Third Degree Felony → Second Degree Felony

If it is shown on the trial of a felony of the third degree that the defendant has previously been finally convicted of a felony other than a state jail felony punishable under Section 12.35(a), on conviction the defendant shall be punished for a felony of the second degree. (Tex. Pen. Code Ann. § 12.42(a)).

Alternative:

If you are charged with a third degree felony, and you have previously been convicted of a felony (not including state jail felonies under section 12.35(a)), if convicted, you can be punished as if the third degree felony were a second degree felony.

Second Degree Felony → First Degree Felony

If it is shown on the trial of a felony of the second degree that the defendant has previously been finally convicted of a felony other than a state jail felony, on conviction the defendant shall be punished for a felony of the first degree. (Tex. Pen. Code Ann. § 12.42(b)).

Alternative:

If you are charged with a second degree felony, and you have previously been convicted of a felony (not including state jail felonies under section 12.35(a)), if convicted, you can be punished as if the second degree felony were a first degree felony.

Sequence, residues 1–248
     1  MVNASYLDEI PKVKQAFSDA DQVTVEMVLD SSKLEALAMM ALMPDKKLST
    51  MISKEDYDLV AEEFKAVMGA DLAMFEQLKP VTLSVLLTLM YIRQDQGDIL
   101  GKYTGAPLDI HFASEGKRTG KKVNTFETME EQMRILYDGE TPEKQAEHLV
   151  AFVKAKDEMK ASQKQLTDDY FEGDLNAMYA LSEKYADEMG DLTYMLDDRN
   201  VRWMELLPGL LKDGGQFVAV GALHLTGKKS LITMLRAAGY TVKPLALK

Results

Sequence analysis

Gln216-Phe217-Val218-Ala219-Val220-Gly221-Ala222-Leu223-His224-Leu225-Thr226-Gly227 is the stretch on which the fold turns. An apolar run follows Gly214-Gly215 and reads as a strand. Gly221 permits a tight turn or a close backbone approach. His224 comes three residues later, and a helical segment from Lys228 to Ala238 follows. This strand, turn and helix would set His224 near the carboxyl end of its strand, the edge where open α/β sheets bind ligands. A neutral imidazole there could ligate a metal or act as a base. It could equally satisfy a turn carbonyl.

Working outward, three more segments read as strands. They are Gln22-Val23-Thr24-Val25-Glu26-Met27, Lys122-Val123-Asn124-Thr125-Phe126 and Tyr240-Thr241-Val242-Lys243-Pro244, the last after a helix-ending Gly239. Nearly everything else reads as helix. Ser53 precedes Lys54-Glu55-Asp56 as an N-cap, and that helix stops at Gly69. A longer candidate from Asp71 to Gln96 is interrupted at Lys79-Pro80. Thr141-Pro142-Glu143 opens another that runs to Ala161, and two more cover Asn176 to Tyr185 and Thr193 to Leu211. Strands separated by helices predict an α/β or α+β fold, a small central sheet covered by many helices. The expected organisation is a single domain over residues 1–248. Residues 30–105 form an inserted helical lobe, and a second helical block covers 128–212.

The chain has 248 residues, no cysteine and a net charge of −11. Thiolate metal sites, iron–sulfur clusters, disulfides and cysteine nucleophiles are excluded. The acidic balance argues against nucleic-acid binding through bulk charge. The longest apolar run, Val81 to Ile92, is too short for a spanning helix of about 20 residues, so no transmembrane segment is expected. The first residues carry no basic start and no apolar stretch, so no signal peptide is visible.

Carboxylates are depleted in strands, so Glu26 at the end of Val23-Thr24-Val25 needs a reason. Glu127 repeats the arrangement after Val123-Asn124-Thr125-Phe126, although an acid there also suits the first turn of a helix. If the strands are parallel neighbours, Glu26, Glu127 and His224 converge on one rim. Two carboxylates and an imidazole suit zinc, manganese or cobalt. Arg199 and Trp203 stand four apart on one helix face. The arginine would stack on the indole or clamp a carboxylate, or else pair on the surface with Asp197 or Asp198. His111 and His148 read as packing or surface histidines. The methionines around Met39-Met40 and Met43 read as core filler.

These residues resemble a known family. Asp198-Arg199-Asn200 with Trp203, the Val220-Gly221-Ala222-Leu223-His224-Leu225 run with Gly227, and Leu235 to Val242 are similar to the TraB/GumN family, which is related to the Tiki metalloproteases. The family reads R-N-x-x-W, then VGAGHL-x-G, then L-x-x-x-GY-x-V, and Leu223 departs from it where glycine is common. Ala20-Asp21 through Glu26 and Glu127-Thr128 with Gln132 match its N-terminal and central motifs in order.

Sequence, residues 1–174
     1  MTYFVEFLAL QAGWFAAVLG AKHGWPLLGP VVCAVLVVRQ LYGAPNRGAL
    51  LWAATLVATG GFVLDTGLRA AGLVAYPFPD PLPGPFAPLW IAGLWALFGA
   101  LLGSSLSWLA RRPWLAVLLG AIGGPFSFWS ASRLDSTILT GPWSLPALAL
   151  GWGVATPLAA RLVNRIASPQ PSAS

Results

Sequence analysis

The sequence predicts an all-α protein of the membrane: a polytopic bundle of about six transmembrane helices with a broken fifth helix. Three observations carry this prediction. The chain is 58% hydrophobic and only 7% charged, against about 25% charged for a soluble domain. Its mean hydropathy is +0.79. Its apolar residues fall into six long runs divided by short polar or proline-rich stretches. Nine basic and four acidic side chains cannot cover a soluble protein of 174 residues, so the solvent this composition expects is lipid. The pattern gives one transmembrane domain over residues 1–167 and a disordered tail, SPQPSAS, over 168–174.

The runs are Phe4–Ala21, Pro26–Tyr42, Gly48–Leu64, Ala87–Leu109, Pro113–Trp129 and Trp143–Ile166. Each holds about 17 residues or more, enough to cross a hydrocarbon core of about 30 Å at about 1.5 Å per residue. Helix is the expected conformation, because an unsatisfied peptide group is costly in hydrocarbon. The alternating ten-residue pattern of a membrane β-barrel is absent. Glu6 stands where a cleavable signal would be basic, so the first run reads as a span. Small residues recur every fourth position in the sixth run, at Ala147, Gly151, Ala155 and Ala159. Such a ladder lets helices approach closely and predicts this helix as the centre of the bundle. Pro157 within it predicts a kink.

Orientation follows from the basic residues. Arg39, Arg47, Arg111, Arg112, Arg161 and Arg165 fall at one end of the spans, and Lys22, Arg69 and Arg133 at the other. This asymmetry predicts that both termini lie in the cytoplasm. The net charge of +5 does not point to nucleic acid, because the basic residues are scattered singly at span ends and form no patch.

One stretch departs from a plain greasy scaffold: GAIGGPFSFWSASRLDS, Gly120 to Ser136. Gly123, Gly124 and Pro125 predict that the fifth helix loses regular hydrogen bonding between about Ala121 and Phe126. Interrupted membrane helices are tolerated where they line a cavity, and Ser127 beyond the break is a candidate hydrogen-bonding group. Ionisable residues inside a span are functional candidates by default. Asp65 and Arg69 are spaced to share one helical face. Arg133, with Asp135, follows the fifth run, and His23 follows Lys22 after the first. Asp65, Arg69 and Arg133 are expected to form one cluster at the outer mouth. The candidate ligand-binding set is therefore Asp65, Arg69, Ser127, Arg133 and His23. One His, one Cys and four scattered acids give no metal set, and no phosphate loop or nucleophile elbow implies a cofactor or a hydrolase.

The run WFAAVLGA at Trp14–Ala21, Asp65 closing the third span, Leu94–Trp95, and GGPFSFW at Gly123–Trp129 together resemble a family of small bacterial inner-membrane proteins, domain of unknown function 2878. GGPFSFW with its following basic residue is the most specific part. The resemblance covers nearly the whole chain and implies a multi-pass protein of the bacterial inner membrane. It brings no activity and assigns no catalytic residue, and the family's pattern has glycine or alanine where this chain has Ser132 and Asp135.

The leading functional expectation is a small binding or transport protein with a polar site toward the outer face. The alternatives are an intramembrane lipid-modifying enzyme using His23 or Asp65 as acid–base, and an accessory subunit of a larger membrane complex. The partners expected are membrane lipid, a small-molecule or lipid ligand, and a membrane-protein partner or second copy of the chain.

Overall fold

First Degree Felony

If it is shown on the trial of a felony of the first degree that the defendant has previously been finally convicted of a felony other than a state jail felony, on conviction the defendant shall be punished by imprisonment in the Texas Department of Criminal Justice for life, or for any term of not more than 99 years or less than 15 years. In addition to imprisonment, an individual may be punished by a fine not to exceed $10,000. (Tex. Pen. Code Ann. § 12.42(c)(1)).

Alternative

If you are charged with a first degree felony, and you have previously been convicted of a felony (not including state jail felonies under section 12.35(a)), if convicted, you will be punished by imprisonment in the Texas Department of Criminal Justice for life, or for any term from 15-99 years. In addition to imprisonment, a fine of $10,00 may be assessed.

Ultimately, when you make certain mistakes, those mistakes can come back to haunt you in the form of an enhancement. Do not leave your future to chance. At Goza & Carreras, we are aggressive trial attorneys and will fight for you! 817-369-3838